A group of former workers at Twitter’s UK operation have accused the company of subjecting them to “unlawful, unfair and completely unacceptable” treatment during a “sham” redundancy process.
A law firm representing 43 Twitter staffers who were made redundant has raised the prospect of an employment tribunal to resolve the situation, which it says has been marred by a flawed consultation period under the company’s new owner, Elon Musk.
“We consider that an employment tribunal will take an extremely dim view of the company’s failings to date, not least having regard to its size, resources and access to legal advice,” said lawyers at the British firm Winckworth Sherwood in a letter emailed to Twitter executives.
The firm said the redundancy process began for the affected employees on 18 November by treating them as if they had already been dismissed, despite a legal obligation to consult with people earmarked for losing their jobs for a minimum of 45 days.
It said immediately cutting off employees from internal company systems effectively suspended them from their jobs when Twitter had no contractual right to do so.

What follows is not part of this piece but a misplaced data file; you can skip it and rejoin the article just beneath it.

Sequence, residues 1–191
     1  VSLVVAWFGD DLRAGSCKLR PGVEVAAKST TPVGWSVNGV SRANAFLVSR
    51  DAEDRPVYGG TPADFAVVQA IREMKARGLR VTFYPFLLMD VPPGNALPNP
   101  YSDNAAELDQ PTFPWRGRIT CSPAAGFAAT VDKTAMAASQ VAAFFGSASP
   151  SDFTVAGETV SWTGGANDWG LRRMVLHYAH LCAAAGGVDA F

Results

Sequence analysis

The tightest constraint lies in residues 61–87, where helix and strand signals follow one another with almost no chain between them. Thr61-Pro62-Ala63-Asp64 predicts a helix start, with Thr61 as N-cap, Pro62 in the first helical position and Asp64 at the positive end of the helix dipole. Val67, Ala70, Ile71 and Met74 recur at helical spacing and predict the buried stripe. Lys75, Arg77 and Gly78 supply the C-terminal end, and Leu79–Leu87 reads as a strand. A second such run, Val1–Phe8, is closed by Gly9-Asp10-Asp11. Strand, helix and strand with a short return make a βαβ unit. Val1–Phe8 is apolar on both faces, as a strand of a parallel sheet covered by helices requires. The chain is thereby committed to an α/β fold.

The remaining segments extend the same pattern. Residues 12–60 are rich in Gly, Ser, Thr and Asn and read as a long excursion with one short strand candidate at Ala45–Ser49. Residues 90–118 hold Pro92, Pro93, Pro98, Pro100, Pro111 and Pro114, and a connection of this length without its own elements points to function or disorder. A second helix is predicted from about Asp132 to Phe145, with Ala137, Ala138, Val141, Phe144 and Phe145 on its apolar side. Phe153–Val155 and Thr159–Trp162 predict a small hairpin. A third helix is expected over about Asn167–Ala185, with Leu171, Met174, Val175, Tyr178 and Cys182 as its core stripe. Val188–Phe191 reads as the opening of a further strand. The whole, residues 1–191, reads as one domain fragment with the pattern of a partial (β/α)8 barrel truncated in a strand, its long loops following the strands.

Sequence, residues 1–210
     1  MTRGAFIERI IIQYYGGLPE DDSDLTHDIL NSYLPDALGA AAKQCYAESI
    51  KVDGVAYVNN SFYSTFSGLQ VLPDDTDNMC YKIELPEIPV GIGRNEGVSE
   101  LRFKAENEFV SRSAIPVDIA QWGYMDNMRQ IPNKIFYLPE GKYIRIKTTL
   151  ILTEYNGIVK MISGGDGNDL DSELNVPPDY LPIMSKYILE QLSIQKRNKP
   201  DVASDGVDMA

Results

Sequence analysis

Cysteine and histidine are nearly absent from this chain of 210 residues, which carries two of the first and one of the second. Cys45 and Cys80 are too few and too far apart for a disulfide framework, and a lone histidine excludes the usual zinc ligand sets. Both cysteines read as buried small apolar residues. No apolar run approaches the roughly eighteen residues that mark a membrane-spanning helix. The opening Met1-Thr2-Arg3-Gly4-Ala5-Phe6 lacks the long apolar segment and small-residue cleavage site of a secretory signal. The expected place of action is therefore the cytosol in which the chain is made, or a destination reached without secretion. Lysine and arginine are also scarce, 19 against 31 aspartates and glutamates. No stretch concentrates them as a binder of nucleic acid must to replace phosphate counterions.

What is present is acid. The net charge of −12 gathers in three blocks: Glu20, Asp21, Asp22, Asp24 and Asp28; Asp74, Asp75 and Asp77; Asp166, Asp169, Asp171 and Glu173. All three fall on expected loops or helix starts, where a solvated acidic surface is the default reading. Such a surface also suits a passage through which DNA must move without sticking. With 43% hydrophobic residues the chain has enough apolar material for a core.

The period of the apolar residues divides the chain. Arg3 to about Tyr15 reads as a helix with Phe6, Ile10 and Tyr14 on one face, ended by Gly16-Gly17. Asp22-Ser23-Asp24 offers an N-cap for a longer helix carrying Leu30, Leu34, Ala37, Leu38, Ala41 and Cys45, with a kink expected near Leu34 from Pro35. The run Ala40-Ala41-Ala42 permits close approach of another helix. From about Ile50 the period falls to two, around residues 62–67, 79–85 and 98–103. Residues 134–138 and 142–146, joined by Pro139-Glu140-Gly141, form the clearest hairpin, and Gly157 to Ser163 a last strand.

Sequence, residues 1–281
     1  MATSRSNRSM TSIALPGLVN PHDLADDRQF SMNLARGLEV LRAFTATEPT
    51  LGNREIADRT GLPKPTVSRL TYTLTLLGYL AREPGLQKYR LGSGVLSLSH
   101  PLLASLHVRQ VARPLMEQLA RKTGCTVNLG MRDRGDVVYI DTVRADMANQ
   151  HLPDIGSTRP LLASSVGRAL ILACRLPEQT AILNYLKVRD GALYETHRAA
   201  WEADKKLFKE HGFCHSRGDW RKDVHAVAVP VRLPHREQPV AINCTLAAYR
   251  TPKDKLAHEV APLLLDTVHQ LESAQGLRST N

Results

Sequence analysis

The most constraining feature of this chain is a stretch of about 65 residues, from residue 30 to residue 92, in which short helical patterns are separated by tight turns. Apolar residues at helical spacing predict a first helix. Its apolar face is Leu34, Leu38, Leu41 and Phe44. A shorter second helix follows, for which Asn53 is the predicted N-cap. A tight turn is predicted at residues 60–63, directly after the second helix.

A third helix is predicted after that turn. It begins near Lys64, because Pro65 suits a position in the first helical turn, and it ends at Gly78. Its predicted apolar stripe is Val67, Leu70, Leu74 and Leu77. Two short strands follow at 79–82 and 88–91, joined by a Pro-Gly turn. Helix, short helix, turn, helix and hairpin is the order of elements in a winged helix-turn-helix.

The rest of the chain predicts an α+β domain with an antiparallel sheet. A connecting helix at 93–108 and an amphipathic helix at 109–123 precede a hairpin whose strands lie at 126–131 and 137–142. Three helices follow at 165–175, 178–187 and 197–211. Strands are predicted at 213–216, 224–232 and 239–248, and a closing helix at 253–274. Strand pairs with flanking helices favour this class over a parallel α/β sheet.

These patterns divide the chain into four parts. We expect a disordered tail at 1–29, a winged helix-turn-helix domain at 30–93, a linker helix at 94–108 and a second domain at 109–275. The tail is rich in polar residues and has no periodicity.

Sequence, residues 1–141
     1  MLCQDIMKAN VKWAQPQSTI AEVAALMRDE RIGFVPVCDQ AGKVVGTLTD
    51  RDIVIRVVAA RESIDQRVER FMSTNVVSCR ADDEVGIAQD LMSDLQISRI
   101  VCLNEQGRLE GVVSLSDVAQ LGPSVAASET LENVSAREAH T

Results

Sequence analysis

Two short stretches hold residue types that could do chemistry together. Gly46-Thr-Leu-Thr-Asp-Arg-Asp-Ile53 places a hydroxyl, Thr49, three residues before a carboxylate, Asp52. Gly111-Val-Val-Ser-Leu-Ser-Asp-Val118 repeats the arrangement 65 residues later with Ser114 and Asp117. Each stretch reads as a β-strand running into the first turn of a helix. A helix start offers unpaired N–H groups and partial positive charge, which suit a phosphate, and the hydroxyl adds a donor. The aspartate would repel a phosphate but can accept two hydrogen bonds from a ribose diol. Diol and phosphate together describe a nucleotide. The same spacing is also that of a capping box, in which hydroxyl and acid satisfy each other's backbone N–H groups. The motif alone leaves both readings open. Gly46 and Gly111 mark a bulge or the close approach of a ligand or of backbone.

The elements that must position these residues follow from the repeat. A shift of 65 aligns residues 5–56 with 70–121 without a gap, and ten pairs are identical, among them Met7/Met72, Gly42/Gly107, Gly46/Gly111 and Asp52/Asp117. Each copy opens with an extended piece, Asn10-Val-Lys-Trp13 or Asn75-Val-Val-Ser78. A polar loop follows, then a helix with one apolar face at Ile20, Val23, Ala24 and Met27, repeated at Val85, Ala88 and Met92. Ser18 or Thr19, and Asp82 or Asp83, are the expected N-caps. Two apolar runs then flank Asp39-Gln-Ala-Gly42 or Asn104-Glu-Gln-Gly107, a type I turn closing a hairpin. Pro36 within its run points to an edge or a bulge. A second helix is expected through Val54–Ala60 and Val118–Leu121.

The letter added that blocking staff from accessing Twitter systems and premises made it “impossible” for employee representatives to help affected colleagues effectively. Winckworth claimed this was a breach of the 1992 Trade Union and Labour Relations Act and that an employment tribunal “would not hesitate to reach the same conclusion”. The letter also claims there was a failure to establish fair selection criteria for redundancy, which it alleges is a further breach of the act.
Winckworth said the company’s cost-cutting justification for redundancies, which affected more than 180 people in the UK, was undermined by Twitter flagging “future opportunities” in London on the career section of its corporate website. The law firm said in a “significant number of instances” its clients’ jobs are not genuinely redundant. The letter says that the company claimed the postings might not be “actual adverts”.
Twitter made redundant around 50% of its 7,500-strong global workforce soon after it was acquired by Musk in a $44bn (£36bn) deal.
Despite this, a substantial number of employees were contacted on 23 December requiring them to respond to invitations about individual consultations on redundancy. Some had been given deadlines to accept settlement terms before their consultations, the letter alleged.
“Inevitably, and perhaps intentionally, it caused much stress, anxiety and distress to those affected,” said the letter, which adds that Twitter has used the Acas arbitration service to secure settlements.
Elsewhere in the letter, Twitter is accused of failing to respond to formal grievances lodged by individual workers. In the US, the company faces four class action lawsuits, and 200 legal complaints, from affected workers.